In a rare defamation action, a group of retired federal drug enforcement agents are suing NBC Universal, alleging that the movie “American Gangster” falsely portrayed them. In the film starring Denzel Washington, the agents are portrayed as the bad guys in the story of a Harlem heroin trafficker. The former agents are seeking $50 million in damages plus profits from the film, including punitive damages. NBC Universal seems to be making matters worse for themselves by alternatively claiming that the story is based of fact or completing fictional.
The film features the central character of Frank Lucas, who was a government information after a 1975 conviction. The former agents cite the fact that the movie is based on true events, but contains clearly false statements like, according to the suit, a statement at the end of the film that Frank Lucas’ collaboration with prosecutors “led to the convictions of three-quarters of New York City’s Drug Enforcement Agency.”
The plaintiffs claim that no DEA agents or New York City police officers were ever convicted as a result of tips provided by Lucas. However, critics have questioned whether any police officers were ever convicted as part of the Lucas matter.
Universal pictures argues that the film depicts refers to corrupt New York police officers not DEA agents. Yet, in a letter,
NBC Universal Senior Vice President David Burg called the film a “fictionalized work” despite the statements of its spokesman that “the material facts are conveyed truthfully” in the film.
An Associated Press article quotes one agent in contesting scenes from the film:
Korniloff said in the suit that he was a lead agent assigned to the case and was present when agents and police officers raided Lucas’ home in Teaneck, N.J. in 1975 _ a scene depicted in “American Gangster.”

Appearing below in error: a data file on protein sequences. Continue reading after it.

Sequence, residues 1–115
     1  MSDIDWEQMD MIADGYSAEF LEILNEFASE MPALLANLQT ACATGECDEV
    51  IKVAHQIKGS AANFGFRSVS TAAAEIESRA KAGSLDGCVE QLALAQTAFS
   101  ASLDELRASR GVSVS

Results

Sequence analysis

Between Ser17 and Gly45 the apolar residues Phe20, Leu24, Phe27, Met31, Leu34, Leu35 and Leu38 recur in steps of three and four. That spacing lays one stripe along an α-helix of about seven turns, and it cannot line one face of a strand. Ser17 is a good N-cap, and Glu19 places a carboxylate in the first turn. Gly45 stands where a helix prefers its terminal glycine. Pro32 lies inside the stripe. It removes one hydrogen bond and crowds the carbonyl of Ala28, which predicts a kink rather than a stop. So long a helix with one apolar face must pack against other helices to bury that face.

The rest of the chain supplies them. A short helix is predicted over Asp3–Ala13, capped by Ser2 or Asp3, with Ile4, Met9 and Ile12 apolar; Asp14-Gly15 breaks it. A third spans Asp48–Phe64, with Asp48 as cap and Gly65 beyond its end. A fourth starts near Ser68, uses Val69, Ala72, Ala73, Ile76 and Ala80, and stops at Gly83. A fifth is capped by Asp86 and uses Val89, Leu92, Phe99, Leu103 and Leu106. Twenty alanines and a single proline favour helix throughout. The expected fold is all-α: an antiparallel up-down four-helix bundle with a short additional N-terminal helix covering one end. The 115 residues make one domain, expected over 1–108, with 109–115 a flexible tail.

In the Ridley Scott film, which was released in November and also featured Russell Crowe and Josh Brolin, corrupt narcotics agents shoot the drug dealer’s dog, assault his wife and brazenly steal currency stashed in the house while making the arrest.
The suit said that in real life, the search was carried out legally; nearly $585,000 in currency was seized in accordance with a valid search warrant.
Hollywood will often wait until characters in a fact-based film have died, relying on the common law rule that you cannot defame the dead (which means practically that you can since no action for defamation can be brought for false statement made against a deceased individual). For a column on the rule, click here
This lawsuit, therefore, could create some important precedent for Hollywood. One problem is the difficulties in proving “group libel.” One of the leading cases occurred in 1952 in a New York lawsuit. In Neiman-Marcus v. Lait, employees of that high-end story sued the author of a book titled “U.S.A. Confidential.” The book claimed that some of the models at the story and all of the saleswomen in the Dallas store were “call girls.” It further stated that most of the salesmen in the men’s department were “faggots.” The issue came down to the size of the group. With 382 saleswomen and models, the court found that the group was too large. However, with the 25 salesmen, the court found that an action could be maintained.
In this case, there are hundreds of agents in comparison. The Neiman-Marcus numbers are often cited but are hardly controlling. The area of group libel has long needed a more contemporary decision on the issue — perhaps a contribution of the American Gangster to American jurisprudence.